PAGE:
Hotel California performs Sunday, April 14, at the Dimmitt Community Center.
BELLEAIR – First it was country, then it was Motown. Coming up it will be rock from the 1970s, as the outdoor concert series in Belleair wraps up the season on Sunday, April 14, at the Dimmitt Community Center.
A tribute to the Eagles will be featured at the concert. Hotel California will be performing and Belleair officials predict more people will attend this concert than any of the others.
Tickets for the concert can be obtained at the Belleair Rec Center. Tickets are $5 in advance and $10 at the gate. The gates open at 4 p.m. and the music starts at 5 p.m. Food and beverage vendors will be on site.
“Right now ticket sales are higher than they were at this time before the Tams,” said concert organizer Sara Borger of the recent Motown concert. “We’re way ahead of where we were, and the last week before the concert is when we really sell well so we’re expecting close to a sell-out.”
Hotel California as a group began in the early 1980s. Wade Hogue is one of the lead singers and a founder of the group. He said choosing to play nothing but Eagles music was not a hard decision.
“All Eagles music, that is all we do,” he said from his home in California. “We began by playing in clubs and bars but wanted to get into something that was more lasting. We wanted good music and good vocals and the Eagles was it.”
Hogue said it is always interesting to watch the crowd at a concert in a town where they have never performed before.
“I think our music exceeds expectations because people don’t know what to expect,” he said. “But when we start playing people get hooked in and they love it. And they get up to dance; they can’t help themselves. In a place like Belleair, outdoors, people can get up and have a good time.”
When Hotel California begins playing on Sunday it could be a little like preaching to the choir, as the old saying goes. They were chosen as the headliners for the concert not by accident.
“When we asked people what they wanted to hear at a concert they constantly tell us they want to hear songs that they know and they can sing,” said Borger, the organizer. “The demographics of Belleair are such that the Eagles were the popular band at the time, and the majority of Belleair residents want to hear that music. So we looked for a band that played that music and fit our budget and we discovered Hotel California.”
A tribute band is what fits the budget according to Borger.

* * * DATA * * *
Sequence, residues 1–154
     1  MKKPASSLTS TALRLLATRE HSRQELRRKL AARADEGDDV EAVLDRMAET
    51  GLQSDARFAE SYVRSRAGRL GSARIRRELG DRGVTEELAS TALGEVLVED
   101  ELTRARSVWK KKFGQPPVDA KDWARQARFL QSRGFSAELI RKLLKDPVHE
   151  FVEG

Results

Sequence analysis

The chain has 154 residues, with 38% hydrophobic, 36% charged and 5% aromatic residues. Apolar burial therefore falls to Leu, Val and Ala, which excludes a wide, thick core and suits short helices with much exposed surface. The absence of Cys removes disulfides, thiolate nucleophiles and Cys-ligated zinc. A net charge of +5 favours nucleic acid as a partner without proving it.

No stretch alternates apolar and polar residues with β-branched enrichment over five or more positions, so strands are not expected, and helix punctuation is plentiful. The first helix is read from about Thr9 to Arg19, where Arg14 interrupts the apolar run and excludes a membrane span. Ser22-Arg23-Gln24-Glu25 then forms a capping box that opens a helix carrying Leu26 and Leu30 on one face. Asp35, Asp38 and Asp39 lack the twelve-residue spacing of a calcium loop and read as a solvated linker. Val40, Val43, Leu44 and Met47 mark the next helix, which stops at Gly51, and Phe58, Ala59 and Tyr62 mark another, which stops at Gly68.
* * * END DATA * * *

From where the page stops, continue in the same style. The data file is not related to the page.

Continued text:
“We can’t get Springsteen or Elton John or the Eagles, but we can get a tribute band and it is OK.”
Borger said the popularity of the upcoming concert is not only measured by the ticket sales but also by companies and groups coming forward to help sponsor the event. The title sponsor of the Eagles Tribute is MaintenX, owned by Belleair resident Pat O’Hara.
As for the size of the crowd expected, Borger said despite the demand, it will be limited.
“We had 2,200 people here for the Tams,” she said. “We aren’t going to sell any more than 3,000 tickets to any concert even though we could fit in more people. We want to maintain the small town feel of the concerts, make it easy to navigate. And it is working; there is more and more interest each time.”
This isn’t the first time in the Bay area for Hotel California. They recently played at the Florida State Fair in Tampa and for the past eight years have played at Disney’s Epcot Center in their summer concert series. When they were in Tampa, Hogue said they rented a house in Clearwater.
“It is a beautiful area and we know exactly where Belleair is,” he said.
Hogue is reluctant to say exactly how old he and the other band members are, but he said they fit the bill.
“I don’t want to deal too much with that,” he said. “We’re older gentlemen, from the late ’30s to ’50s; we’re not young boys.”
It is unusual to have tribute bands around when the original group is still playing. The original Eagles are alive and well and are constantly on tour. Back in the mid-1970s the Eagles were considered one of America’s biggest band with hits such as “Hotel California,” “New Kid in Town” and “One of These Nights.” They have sold 150 million records worldwide. They disbanded in 1980 but regrouped in 1994 and have been performing ever since.
Hogue said there is no way his group can compete with the Eagles and they don’t want to.
“I would say we’re a complement to the Eagles, not competition,” he said. “There can be no competitors for the original, until they retire, but even then I don’t think there will be competition.”
In addition to Hogue the band members are George Eickinson, Steve Probst, Dan Hill and Scott Fronsoe. Hogue said they are not ready to retire yet and plan to continue the play of Eagles music for a while yet.
“We’re going to go as long as our bodies and health allow us,” he said. “It is kind of one of those things you can’t let go of, we have the tiger by the tail. There is too much demand and our reputation is good; there are other Eagles tributes bands around but nothing that can compare with what we do.”